These drugs prevent the absorption of dietary phosphorus in the gut and make calcium deficiency up to kidney patients. Milk and dairy products are significant dietary calcium sources because of the reduction in phosphorus; milk and dairy intake are limited. It should be noted that taking this drug supplement must along with main meals. Taking them alone or in between meals will make it useless or lower the drug's effect.
In cases where the level of phosphorus in the blood is higher than normal, calcium carbonate intake should be stopped to prevent calcium phosphate's deposition in the tissues under medical care.
The second way to control serum phosphorus levels is to control its intake through diet. The patient should consult a nutritionist and dietitian to establish a proper diet for kidney disease, become familiar with phosphorus's primary dietary sources, and avoid overeating.

How Does Iron Help on a Kidney Diet?

Due to the anemia, erythropoietin injection can adjust this condition.
Aluminum toxicity and severe constipation are very common in kidney patients, so some medications are needed.

Vitamins Intake During a Kidney Diet

Kidney patients need different vitamins.
Restriction of P and K can cause folate, B2, B3, B6 deficiencies.
Some supplementation is required.
Vitamin E supplementation may be needed.

Fluids and Kidney Diet

The human body can excrete water in many ways. Urine, sweating, feces, evaporation from the skin, and also through the respiratory system. The main way of excreting water through the kidney is through urine. If the kidneys do not do their jobs properly, the amount of water in the body rises. This condition has some complications such as swelling and edema in the lower part of the body, increased blood pressure and hypertension, water entrance and penetration to lungs, and shortness of breath.
There is no need to limit and restrict water intake in kidney patients until a decrease in urine excretion.

Recommendation to Control Fluid Intake in a Kidney Diet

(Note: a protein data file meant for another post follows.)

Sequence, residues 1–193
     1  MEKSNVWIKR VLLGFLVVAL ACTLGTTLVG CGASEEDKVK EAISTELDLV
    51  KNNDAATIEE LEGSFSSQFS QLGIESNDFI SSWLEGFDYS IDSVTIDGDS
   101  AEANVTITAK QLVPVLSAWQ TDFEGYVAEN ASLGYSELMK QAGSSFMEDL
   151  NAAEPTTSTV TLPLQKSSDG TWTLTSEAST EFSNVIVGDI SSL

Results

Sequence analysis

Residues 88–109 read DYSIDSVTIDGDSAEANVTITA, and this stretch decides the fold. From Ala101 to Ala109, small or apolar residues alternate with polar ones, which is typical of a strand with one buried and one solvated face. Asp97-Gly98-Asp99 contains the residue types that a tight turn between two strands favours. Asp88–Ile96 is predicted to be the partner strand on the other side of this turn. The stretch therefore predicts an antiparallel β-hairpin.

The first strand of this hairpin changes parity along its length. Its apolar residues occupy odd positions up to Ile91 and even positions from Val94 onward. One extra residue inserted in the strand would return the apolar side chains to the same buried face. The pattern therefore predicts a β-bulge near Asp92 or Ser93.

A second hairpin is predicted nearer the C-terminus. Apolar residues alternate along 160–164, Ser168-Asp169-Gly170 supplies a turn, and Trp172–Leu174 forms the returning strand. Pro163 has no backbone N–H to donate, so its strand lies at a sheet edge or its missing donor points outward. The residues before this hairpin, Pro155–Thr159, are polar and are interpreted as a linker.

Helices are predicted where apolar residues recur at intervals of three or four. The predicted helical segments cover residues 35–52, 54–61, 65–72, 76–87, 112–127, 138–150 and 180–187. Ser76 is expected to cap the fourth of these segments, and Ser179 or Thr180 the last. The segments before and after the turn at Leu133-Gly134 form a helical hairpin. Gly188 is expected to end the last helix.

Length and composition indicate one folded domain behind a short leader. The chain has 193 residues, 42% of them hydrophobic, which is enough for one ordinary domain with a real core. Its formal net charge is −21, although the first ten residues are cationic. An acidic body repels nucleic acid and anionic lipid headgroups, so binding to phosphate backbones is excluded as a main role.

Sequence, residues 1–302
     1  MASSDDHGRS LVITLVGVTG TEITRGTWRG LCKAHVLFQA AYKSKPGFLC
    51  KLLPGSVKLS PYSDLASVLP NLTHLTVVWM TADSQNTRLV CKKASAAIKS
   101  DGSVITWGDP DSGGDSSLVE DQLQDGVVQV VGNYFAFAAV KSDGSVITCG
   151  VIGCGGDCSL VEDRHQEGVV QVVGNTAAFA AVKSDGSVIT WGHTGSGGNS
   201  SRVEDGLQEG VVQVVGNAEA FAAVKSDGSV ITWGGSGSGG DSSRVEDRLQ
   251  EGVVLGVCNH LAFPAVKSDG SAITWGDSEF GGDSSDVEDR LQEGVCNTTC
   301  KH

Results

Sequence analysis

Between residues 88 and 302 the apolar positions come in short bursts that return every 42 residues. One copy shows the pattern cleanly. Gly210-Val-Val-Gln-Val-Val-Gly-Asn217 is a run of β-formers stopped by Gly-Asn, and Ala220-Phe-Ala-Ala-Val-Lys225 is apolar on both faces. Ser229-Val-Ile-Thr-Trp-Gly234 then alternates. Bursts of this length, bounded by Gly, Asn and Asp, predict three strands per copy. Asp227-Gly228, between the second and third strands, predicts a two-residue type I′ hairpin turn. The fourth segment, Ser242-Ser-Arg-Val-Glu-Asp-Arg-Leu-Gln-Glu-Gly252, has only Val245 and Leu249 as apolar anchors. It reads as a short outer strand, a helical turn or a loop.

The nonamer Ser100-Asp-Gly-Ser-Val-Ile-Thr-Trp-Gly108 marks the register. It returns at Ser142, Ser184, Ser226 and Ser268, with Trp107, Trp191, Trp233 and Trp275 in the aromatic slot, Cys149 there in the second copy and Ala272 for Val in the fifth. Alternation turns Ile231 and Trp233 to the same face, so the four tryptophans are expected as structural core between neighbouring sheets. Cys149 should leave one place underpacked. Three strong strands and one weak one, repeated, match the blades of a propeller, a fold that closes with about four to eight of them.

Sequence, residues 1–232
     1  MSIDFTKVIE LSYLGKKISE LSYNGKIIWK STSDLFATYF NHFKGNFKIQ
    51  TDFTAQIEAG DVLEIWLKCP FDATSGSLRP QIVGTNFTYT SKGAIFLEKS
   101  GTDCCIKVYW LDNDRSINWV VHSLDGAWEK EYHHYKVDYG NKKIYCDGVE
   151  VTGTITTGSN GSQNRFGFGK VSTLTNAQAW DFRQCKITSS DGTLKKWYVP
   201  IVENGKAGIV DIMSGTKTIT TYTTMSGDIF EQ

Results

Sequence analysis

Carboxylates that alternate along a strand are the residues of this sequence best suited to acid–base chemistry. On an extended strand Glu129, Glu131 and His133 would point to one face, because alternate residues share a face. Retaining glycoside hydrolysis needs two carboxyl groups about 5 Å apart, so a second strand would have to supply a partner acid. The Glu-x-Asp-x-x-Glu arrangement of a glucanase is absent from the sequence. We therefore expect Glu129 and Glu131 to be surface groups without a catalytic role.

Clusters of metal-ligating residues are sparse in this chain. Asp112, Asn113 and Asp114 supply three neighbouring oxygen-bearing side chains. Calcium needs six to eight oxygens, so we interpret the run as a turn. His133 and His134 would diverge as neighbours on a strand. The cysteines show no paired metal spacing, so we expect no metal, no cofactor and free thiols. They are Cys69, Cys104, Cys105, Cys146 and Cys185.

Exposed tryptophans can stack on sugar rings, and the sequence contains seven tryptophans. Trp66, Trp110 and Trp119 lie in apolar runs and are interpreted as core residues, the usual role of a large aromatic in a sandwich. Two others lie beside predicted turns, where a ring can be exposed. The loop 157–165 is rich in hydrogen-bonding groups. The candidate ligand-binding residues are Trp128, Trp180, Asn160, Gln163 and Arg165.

♦ Drink liquids cup without any rush.
♦ Eating cold fruits and veggies or in icy form can reduce thirst.
♦ All liquids milk, juices, soups, teas, coffee, liquid foods, etc., should be considered and calculated carefully by the renal dietitians.
♦ Salt intake should be monitored because high-sodium foods can increase water intake subsequently.

Diet for Kidney Transplantation

Kidney transplantation is divided into two stages, acute and chronic.
The first two months after kidney transplantation surgery is called the Acute stage, and one or two months after that is the chronic state. Each stage requires its special diet. Based on the medical condition, the patient may not be able to eat immediately after surgery, so intravenous feeding or liquid diets may be used. In the acute phase after kidney transplant surgery, when the patient can use the everyday foods in his diet, the kidney diet will be designed. It is up to the nutritionist and dietitian to calculate each nutrient's amount and adjust how to receive it.
As long as the patient is hospitalized, the fluid intake needs to be calculated and consistent with the person's urine. When the patient is discharged, except in special cases, there is no need for fluid restriction, and the patient can respond to feelings.
There is another diet due to the chronic stage's condition, and the renal dietitians can change the diet.
The side effects of the used drugs should be controlled in both the kidney's acute and chronic phases. The first complication of taking these drugs is the weakness of the body's defences, so the patient should use healthy foods in the kidney diet as much as possible. These drugs also retain water and salt in the body. The accumulation of excess water and salt in the body raises blood pressure. High blood pressure itself is a major damaging factor to the kidneys.
These patients should control their salt intake through diet. Taking these medications may increase blood sugar and appetite, and the patient should also be aware of significant weight gain and loss. Lipid abnormalities and high levels of blood lipids (cholesterol and triglycerides) are common in patients undergoing transplantation.

Therefore, it is necessary and useful to pay attention to the following recommendations:
♦ The kidney diet should be regular and balanced.
♦ Paying attention to the type of fats in the diet.
♦ Avoid animal sources of fats
♦ The ways of preparing meals
♦ Weight control due to hospitalization and low activity.
♦ Using natural and unprocessed foods
♦ Controlling blood pressure and fluid and electrolyte intake.
♦ Avoid sour and salty foods